My PLR money [public lending right, paid out to authors in the UK in honour of library loans on their books] hit a dizzying three figures for the first time this year, £100 and a few pence. I've decided to take the money as a boost to creativity. This time around that meant two tickets to the ENO's Lucia de Lammermoor, with an interval drink to boot.
I've known the opera for years in the Callas and di Stefano version, but never seen it and never really known what it was about. This production (by David Alden, in English) was thrilling and terrifying. I was still quietly weeping through the interval, beautifully upset through the second half, and still so disturbed in retelling the story over dinner the next day I smashed a glass of red wine over the white tablecloth. "The blood, the blood, that's what it was like," I declaimed. "Imagine this doll-like girl, forced into a marriage she could not abide, dressed in white against the black of other others, the white smothered in the red of her new husband's blood, wrapping those dead arms around herself in the notion that these are the arms of her true beloved."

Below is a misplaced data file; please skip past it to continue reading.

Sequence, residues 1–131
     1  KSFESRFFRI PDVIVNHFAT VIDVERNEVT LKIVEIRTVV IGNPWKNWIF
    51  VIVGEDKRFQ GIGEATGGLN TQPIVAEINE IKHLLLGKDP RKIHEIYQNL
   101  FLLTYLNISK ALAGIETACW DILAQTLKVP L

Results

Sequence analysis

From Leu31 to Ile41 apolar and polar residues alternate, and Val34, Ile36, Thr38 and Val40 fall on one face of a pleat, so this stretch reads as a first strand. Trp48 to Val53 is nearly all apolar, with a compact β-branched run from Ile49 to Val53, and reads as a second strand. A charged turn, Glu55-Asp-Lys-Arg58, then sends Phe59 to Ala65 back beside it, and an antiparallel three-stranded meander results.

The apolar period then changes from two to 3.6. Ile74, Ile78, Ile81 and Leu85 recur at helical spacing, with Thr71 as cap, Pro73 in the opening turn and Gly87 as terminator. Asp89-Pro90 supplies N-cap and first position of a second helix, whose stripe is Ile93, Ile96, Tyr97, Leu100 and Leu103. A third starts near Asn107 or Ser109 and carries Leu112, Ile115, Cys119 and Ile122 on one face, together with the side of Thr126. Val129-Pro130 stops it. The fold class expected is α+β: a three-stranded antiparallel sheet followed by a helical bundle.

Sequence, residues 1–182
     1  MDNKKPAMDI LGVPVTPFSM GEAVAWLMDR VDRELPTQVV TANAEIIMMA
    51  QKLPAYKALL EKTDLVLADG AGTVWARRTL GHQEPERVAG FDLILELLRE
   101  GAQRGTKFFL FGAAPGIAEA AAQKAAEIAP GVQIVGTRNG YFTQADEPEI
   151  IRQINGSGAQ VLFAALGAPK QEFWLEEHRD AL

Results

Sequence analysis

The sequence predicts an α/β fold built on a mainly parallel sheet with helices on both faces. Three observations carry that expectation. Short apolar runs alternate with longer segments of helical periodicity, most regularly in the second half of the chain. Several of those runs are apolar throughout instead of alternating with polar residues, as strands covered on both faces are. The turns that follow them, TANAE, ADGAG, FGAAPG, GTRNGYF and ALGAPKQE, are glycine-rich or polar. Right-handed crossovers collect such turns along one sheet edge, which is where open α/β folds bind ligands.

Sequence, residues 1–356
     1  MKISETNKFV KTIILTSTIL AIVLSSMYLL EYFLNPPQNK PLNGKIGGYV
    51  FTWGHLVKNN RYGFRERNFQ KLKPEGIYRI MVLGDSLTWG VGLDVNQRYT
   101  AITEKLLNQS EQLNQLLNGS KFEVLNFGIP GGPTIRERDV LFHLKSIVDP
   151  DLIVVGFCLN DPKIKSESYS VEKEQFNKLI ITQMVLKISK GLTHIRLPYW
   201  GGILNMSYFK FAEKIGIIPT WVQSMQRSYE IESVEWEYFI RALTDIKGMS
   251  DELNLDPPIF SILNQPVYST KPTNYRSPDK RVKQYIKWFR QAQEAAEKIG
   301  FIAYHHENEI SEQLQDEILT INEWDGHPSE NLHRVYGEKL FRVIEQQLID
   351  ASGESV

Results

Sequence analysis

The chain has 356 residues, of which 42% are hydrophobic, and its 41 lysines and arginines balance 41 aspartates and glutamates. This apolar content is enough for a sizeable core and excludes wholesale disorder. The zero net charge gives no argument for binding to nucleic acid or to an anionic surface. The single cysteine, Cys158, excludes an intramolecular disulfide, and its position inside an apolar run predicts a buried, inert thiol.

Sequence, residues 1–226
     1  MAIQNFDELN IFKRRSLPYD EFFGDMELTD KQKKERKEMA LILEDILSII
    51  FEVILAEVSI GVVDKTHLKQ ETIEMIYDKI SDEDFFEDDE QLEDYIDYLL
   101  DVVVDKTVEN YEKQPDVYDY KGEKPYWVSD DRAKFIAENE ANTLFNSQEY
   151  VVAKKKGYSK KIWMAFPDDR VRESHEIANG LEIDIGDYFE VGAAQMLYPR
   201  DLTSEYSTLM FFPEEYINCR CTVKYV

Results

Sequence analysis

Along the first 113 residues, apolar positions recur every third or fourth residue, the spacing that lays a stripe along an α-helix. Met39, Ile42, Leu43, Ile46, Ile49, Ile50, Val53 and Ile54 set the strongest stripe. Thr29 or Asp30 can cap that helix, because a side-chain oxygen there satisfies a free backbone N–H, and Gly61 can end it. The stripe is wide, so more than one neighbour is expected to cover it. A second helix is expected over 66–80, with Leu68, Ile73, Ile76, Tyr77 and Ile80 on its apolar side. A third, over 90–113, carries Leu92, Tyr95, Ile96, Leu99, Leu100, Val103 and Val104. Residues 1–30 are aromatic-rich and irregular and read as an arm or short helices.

It was an astonishing performance by the American soprano Anna Christy. It's challenging enough for divas to be required to sing sitting down. Christy was hauled all over the place without missing a note or a warble, sang from her knees, from her back, even lying flat with her head hanging upside down off the edge of a table.
It was stunning through and through ... and that quintet, what fabulous theatre it provides!
Next year my new Haldane bio is added to my library earnings ... I doubt the next creative boost can beat this year's one even with the extra funds, but I look forward to trying.

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Wednesday, March 05, 2008

'How to approach an agent' and Allan Guthrie